Henry VIII (1491-1547)
Henry VIII was king of England from 1509 until his death in 1547. During his reign he broke away from the established Church, separating the Anglican Church from Roman authority. In the 1530s his Dissolution of the Monasteries saw monasteries closed and their property passed to the state. This reformation of religious order permanently closed many monastic foundations and hospitals that provided shelter and aid to the sick.
In response to these actions, the citizens of London petitioned the king in 1538 for permission to re-establish some hospitals themselves. These included St Thomas’s and St Bartholomew’s. Nothing was done for six years, when the king returned the buildings to the city for the use of the people. However, he did not return the funds necessary for the hospitals to reopen. St Bartholomew’s was offered only about £330 a year. Finding this insufficient, the citizens of London raised another £1000 and refitted the hospital with 100 beds.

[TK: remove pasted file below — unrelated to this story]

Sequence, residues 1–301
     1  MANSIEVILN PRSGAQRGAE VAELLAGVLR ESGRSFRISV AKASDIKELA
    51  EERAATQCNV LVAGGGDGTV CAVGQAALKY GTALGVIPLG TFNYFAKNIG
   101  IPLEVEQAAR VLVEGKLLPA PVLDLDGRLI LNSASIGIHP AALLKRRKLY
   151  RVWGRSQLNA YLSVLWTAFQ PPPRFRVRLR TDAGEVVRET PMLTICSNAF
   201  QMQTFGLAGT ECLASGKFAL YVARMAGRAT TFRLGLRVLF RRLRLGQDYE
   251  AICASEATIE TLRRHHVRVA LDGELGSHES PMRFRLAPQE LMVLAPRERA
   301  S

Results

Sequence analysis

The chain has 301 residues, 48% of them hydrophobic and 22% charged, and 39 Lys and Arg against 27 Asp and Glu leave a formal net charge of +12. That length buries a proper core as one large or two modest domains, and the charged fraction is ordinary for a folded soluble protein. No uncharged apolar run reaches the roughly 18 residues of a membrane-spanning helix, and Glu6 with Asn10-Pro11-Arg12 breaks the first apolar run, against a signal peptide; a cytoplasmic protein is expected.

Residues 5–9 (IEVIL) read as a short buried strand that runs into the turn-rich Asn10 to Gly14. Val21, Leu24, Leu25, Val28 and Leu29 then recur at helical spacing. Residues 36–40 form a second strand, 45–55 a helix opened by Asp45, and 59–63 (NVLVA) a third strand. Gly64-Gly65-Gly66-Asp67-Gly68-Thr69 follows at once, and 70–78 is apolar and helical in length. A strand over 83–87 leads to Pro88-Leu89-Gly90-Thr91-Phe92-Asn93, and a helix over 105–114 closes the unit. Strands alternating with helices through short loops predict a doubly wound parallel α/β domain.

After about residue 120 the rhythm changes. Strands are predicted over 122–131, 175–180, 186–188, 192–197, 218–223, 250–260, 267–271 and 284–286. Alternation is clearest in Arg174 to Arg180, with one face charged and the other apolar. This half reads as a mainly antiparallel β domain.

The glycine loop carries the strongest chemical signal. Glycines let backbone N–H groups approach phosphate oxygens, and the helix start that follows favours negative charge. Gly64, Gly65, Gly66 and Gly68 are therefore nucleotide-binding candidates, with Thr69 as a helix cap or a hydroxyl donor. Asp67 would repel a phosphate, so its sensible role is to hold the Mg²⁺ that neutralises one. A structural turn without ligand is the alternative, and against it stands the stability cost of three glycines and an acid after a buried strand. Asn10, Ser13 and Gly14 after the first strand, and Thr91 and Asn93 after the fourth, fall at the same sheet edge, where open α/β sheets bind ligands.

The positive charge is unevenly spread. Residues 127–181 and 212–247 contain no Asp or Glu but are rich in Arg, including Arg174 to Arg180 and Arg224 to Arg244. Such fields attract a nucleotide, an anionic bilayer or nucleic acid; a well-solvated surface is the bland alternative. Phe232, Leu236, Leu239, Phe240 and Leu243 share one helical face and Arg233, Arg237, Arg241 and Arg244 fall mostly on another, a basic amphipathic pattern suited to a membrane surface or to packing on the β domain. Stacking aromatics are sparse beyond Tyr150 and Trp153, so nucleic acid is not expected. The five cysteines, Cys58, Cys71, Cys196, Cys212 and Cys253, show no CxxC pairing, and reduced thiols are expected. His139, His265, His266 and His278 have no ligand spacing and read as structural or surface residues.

In 1540 the London Guild of Surgeons joined the rival barbers’ guild, or Company of Barbers, to form a united Company of Barber-Surgeons. The Company of Barbers was a trade organisation for barbers, who frequently performed surgical and medical tasks. The new company was created by an act of parliament. It was memorialised by the painter Hans Holbein the Younger. His painting of the event shows King Henry VIII handing the actual act to Thomas Vickery, the first master of the new company. In depicting this ceremony, Holbein’s painting clearly suggests Henry VIII supported the medical welfare of his subjects.